More New Yorkers are fishing off area piers in this economy, and, in many cases, eating unsafe amounts of fish contaminated with PCBs and mercury. That was the thrust of a NY Daily News report earlier this month. They also reported that there were extremely few signs alerting the public to any kind of danger. New York City official soon responded that they'd put up more warning signs.
CPR Member Scholar Catherine O'Neill discussed the fish contamination issues on WNYC's Leonard Lopate Show on Wednesday.
O'Neill says that warning signs have regularly proven ineffective across the country. The information often fails to reach and inform its intended audience. Among other things, signs often don't cover all the languages they'd need to, and advisories frequently fail to convey complex information in a way that is understandable. In addition, the alternatives suggested (or implied) -- e.g., avoiding certain species entirely or altering one’s preparation methods -- may be culturally inappropriate or economically infeasible for some people.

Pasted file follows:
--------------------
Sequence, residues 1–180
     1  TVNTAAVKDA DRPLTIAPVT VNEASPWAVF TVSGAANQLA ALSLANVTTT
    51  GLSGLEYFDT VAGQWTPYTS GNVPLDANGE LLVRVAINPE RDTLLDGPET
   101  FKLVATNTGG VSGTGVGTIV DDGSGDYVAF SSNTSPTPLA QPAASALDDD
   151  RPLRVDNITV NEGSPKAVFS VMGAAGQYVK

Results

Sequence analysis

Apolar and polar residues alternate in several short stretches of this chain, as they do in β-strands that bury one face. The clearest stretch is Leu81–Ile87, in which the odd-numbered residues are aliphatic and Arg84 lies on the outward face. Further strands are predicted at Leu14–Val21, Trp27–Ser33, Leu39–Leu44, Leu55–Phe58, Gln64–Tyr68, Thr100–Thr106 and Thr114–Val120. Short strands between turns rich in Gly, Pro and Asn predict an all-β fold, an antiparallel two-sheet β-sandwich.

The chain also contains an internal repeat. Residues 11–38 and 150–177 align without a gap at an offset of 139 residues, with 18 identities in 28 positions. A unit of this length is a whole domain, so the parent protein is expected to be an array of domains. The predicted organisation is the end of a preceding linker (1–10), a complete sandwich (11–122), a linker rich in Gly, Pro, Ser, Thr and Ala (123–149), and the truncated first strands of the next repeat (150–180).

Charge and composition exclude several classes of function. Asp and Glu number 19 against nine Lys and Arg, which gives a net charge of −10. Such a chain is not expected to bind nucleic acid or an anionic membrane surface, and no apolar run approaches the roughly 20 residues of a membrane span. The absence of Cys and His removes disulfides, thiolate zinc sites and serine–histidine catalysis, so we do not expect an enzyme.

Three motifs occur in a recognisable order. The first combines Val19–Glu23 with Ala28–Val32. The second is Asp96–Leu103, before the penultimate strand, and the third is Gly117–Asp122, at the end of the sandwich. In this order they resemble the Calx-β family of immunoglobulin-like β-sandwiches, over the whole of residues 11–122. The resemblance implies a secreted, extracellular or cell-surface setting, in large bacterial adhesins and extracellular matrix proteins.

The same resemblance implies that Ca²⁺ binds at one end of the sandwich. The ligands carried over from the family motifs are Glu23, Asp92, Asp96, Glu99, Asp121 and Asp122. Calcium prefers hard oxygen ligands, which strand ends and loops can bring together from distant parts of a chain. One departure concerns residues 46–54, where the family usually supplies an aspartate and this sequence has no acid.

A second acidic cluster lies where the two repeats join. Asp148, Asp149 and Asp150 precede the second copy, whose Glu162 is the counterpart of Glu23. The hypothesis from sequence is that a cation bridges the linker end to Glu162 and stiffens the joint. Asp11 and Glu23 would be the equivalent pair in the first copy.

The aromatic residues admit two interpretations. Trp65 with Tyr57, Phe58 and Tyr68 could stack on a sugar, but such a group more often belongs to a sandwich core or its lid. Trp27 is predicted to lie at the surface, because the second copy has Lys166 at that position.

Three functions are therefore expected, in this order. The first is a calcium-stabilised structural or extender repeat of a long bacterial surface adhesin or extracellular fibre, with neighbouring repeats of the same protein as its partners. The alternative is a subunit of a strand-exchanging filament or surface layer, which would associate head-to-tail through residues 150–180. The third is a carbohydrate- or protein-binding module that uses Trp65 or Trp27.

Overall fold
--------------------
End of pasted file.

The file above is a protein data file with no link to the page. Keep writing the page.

O’Neill contends that a better policy is to involve the communities or groups affected, as they are best able to determine how to reach their members. The immediate goal should be to empower community members to make healthy and culturally appropriate choices for themselves, with complete information about the risks and tradeoffs in hand.
The current fish advisory for New York waters is here.
The photos in this post, taken in the past week at Coney Island and Battery Park, show that signs in the NYC area do not attempt to convey the information from the advisory about the relative dangers of different species of fish, instead giving blanket warnings -- warnings that are regularly ignored.